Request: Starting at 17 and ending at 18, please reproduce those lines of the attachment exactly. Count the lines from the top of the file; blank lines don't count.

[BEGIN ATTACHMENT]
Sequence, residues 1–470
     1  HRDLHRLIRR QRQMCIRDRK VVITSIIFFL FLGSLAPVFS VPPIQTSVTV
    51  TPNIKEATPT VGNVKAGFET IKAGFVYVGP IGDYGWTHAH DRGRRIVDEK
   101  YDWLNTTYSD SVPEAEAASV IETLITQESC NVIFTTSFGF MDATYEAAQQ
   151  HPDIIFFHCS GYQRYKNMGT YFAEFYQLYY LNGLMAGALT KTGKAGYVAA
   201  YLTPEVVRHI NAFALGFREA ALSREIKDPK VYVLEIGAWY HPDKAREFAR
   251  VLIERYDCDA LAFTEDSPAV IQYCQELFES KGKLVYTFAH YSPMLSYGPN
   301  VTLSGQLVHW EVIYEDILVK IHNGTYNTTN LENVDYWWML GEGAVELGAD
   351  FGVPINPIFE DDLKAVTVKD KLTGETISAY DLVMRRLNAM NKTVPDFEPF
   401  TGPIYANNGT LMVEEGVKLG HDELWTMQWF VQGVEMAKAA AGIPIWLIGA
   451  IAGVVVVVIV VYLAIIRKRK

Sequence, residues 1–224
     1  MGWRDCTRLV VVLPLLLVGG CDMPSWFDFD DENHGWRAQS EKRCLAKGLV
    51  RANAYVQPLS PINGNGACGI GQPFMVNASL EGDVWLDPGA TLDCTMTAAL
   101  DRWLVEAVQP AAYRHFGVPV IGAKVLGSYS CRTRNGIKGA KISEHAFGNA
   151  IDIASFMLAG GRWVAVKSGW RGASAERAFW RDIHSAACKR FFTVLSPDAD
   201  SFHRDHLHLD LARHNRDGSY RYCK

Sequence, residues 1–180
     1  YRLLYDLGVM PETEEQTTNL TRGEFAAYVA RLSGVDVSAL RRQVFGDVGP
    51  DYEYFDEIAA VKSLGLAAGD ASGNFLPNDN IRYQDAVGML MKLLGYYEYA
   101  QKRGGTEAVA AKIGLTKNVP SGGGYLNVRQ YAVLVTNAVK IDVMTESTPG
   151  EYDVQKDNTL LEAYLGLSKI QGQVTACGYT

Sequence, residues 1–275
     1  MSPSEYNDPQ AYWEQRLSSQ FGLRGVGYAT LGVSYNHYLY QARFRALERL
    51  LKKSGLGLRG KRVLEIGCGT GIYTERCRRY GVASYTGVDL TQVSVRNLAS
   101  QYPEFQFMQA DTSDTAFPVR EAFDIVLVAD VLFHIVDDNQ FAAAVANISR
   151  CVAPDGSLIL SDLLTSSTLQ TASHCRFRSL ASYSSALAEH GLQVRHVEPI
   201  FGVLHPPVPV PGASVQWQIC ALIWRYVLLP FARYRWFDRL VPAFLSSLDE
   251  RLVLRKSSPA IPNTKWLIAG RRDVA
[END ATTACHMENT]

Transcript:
   201  SFHRDHLHLD LARHNRDGSY RYCK

Sequence, residues 1–180